# An algebraic algorithm for finding inverses in the group algebra

This is an extension to my earlier question.

Is there a purely algebraic algorithm to find inverses in the group algebra? For example, in the group algebra $\mathbb{C}S_{4}$, how would one go about finding an inverse for $(1 2 3) + 2(1 2)(3 4)$.

By a purely algebraic algorithm, I mean one that avoids, if possible, the use of representation theory. (So if possible, it shouldn't require that I know the irreps of the group, and it shouldn't require that I switch to matrices.)

The answer to my earlier question pointed out that $(1 2 3) + 2(1 2)(3 4) = (1 2 3) (1 + 2(1 4 3))$ so it is sufficient to find an inverse for $1 + 2(1 4 3)$

Now, after a little experimentation, I've worked out how to do examples like this by inspection. The inverse is 1/9 of $1 - 2(1 4 3) + 4(1 3 4)$.

This is by analogy with the fact that the inverse of $1+x$ is $1-x+x^{2}-...$. Given $g$ of order $n$, then $(1+ag)(1-ag+a^{2}g^{2}-...\pm a^{n-1}g^{n-1}) = 1\pm a^{n}g^{n} = 1\pm a^{n}$, which is a scalar.

(Of course, some elements of the group algebra are zero divisors, and hence don't have inverses. For example $(1+(1 2)) (1-(1 2)) = 0$.)

Okay, so to get to the point. I'm stuck on how to proceed for elements of the form $1+ag+bh$, for example $1+2(1 2)+3(3 4)$. It's not clear that $ag+bh$ will be of finite order, so the above trick won't work.

Is there some analogue of Moebius inversion or principle of inclusion-exclusion that might be used?

EDIT: I think I have figured out how to do this (though I'm still curious whether there are other methods). It's easiest to explain with an example.

Suppose we want to invert $1+(1 2)+(3 4)$. It's clear that the answer, if it exists, will be of the form $a+b(1 2)+c(3 4)+d(1 2)(3 4)$. Multiplying these two expressions together, we get $a+a(1 2)+a(3 4)+b(1 2)+b+b(1 2)(3 4)+c(3 4)+c(1 2)(3 4)+c+d(1 2)(3 4)+d(3 4)+d(1 2)$. Now, identify coefficients with $1+0(1 2)+0(3 4)+0(1 2)(3 4)$, and we get a linear system in a, b, c, d. Solving the linear system gives us our inverse: 1/3 of $1+(1 2)+(3 4)-2(1 2)(3 4)$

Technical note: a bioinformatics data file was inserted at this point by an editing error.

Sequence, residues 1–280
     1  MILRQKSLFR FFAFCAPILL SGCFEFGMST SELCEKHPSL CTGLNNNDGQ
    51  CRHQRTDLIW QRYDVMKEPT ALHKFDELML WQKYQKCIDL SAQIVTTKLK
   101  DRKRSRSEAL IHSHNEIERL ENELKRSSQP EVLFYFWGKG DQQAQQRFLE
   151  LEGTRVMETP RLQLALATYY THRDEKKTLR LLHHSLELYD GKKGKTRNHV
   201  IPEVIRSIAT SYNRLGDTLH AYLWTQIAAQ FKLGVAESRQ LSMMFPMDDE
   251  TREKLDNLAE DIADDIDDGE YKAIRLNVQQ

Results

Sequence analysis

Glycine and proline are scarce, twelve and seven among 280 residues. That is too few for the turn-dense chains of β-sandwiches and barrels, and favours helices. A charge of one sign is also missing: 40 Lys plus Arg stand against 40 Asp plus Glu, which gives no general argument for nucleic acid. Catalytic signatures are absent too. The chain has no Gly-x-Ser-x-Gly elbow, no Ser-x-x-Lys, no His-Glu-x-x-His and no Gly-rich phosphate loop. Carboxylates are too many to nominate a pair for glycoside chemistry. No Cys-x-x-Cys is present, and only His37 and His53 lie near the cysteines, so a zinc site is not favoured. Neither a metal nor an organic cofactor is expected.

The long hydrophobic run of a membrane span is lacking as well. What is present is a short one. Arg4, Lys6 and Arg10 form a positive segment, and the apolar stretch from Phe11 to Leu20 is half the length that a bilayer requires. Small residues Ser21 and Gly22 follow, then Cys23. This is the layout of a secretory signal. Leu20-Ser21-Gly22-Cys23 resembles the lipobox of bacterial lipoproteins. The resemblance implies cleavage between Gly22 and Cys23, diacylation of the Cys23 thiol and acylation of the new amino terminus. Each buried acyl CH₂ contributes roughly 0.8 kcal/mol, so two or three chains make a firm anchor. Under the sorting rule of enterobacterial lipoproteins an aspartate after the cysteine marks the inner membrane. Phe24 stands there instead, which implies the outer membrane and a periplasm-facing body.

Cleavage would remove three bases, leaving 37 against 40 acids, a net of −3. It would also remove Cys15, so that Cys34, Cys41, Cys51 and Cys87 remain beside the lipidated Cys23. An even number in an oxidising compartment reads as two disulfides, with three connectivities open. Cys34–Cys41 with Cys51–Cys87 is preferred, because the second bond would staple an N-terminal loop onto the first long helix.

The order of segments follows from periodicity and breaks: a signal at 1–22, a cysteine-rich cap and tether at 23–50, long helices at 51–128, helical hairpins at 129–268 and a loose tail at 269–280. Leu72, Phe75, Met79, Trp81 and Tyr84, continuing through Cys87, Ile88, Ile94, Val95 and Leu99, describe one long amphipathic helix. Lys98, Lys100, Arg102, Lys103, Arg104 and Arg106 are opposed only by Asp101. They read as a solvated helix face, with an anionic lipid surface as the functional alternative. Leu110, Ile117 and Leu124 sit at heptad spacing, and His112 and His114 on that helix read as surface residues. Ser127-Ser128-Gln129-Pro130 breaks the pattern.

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If your ultimate goal is just to be able to write efficient code to do this, it makes more sense to me to write down a faithful matrix representation of the group algebra and work in that instead. In this case we can use $4 \times 4$ matrices, where elements of $S_4$ get sent to permutation matrices. Inverting $1 + ag$ is in some sense an abelian problem, since you are working in the commutative subalgebra generated by $g$, while inverting $1 + ag + bh$ is a nonabelian problem if $g, h$ don't commute and I don't see any reason to expect that it has a straightforward algebraic answer. – Qiaochu Yuan Jan 30 '12 at 7:11
@QiaochuYuan - Unless I am mistaken, the permutation matrix representation is faithful on the group, but not on the group algebra. For example, I believe it sends $(1 2) + (3 4)$ to the same matrix as $1 + (1 2)(3 4)$. Hence although I could go from the group algebra to the matrix, and then invert the matrix, I couldn't then get back to the group algebra. Or am I misunderstanding? – DavidA Jan 30 '12 at 20:08
Ah, you're right. Okay, then I guess you have to take the direct sum of the irreducible representations (this is still more efficient than using the regular representation, especially for "highly non-abelian" groups (that is, groups with irreps of large dimension)). – Qiaochu Yuan Jan 30 '12 at 21:09
Something similar to what you've already done is to consider the minimal polynomial of x=1+g+h+… If its constant term is nonzero, then it gives an expression for the inverse as a polynomial in x, and if the constant term is 0, then it witnesses x as a zero divisor. The minimal polynomial is found by checking when x^k is dependent on {1,x,x^2,...,x^(k-1)} and then finding the dependence relation. This is linear algebra very similar to the equations you solved for when x^3 was dependent on {1,x,x^2}. If the support of x lies in a small subgroup, then this should be very effective. – Jack Schmidt Jan 31 '12 at 0:55
GAP appears to just use your method (write down the system of equations corresponding to xy=1 and solve) as QuotientFromSCTable, but this is a fairly ridiculous method in general for group rings since the dimension of the regular module is so large. However, my method also appears to be pretty dumb, so I'm not sure how to do this (or if it is doable) for larger groups. – Jack Schmidt Jan 31 '12 at 3:21